You believe that the custody order the judge signed no longer works for your family, but perhaps your co-parent disagrees. This complicates your ability to modify child custody considerably.
According to state law, if you cannot obtain the consent of your child’s other parent, you will have two points to prove to the court before you can receive a modification.
A material change occurred
Evidence of major life events such as a move or a remarriage may pass a judge’s test of a material change. Your current custody plan may rely on you and the other parent living close enough to keep your child in the same school district. Or, a remarriage may result in a blended family that your child has trouble adjusting to. Other potential material changes include:
- A dangerous situation in the other parent’s house, such as violence or substance abuse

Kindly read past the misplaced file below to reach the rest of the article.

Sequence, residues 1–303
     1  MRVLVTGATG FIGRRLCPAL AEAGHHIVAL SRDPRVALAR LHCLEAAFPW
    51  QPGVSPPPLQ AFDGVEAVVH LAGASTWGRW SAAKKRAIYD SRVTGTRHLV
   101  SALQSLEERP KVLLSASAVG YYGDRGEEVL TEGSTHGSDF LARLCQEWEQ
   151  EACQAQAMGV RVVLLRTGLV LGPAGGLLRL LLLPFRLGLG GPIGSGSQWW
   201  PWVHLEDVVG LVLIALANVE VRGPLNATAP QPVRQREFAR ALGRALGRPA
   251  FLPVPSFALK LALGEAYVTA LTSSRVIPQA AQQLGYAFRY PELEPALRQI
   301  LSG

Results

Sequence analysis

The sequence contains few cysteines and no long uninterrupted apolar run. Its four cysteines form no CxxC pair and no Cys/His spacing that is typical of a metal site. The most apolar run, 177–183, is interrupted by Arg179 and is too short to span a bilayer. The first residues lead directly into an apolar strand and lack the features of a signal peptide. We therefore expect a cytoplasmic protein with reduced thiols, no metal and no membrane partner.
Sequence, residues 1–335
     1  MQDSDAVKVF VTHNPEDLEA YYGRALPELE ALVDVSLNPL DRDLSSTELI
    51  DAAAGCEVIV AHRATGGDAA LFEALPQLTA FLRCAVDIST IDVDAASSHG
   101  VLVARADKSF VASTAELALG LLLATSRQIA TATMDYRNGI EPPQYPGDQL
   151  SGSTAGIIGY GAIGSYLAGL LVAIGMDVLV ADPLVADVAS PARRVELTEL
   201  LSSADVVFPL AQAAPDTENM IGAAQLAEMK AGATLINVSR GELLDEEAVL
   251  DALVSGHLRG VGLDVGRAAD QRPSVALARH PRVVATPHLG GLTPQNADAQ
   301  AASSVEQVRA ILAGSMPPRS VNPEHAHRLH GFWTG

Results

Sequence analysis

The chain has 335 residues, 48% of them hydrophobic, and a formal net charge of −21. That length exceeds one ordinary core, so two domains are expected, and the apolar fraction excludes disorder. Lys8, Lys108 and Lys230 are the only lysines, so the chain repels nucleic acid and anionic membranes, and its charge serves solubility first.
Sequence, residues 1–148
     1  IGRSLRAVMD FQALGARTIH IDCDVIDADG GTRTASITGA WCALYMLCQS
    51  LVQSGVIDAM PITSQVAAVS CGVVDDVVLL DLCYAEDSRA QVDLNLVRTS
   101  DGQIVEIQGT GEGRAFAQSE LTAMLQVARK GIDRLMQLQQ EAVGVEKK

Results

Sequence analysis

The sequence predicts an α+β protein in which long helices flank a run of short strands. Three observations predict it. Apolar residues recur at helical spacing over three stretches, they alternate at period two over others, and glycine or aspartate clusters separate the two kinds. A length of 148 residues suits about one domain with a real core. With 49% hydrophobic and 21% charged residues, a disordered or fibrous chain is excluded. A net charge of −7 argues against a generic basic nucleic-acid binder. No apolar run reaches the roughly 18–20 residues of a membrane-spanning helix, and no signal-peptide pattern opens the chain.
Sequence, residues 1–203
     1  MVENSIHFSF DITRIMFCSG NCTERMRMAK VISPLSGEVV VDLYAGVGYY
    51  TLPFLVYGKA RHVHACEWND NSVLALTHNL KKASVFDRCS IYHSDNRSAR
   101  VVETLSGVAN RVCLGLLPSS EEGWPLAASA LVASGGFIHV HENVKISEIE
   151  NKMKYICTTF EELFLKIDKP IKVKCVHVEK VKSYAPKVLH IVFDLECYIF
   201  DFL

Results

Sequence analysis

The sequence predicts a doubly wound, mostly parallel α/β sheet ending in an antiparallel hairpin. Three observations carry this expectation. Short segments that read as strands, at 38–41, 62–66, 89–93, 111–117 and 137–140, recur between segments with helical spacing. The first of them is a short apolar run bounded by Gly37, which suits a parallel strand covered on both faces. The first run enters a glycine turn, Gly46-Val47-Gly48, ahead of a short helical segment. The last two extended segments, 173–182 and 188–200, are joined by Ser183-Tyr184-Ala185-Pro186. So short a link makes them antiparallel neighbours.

- Your child receives a serious medical diagnosis
- The other parent receives a serious medical diagnosis
Any of these matters is likely easy to demonstrate to the judge. Your child may even provide testimony of the need for the change. However, you will need more than a material change to prove your child is better off with you.
The modification is in your child’s best interests
According to The Mississippi Bar, the judge will also have to weigh whether the change is warranted based on the Albright factors, which the court uses to determine custody matters. These include issues regarding the parents, such as which has the ability and willingness to provide the child’s primary care, which has better parenting skills and the stability of their home and work life.
If your child is at least 12, his or her preference will be a consideration. Your child’s ties to the current school and community may be important to demonstrate if the material change is due to a move. The judge may consider any other factors that you can show are relevant, as well, so do not leave out any details that you believe demonstrate how the modification will benefit your child.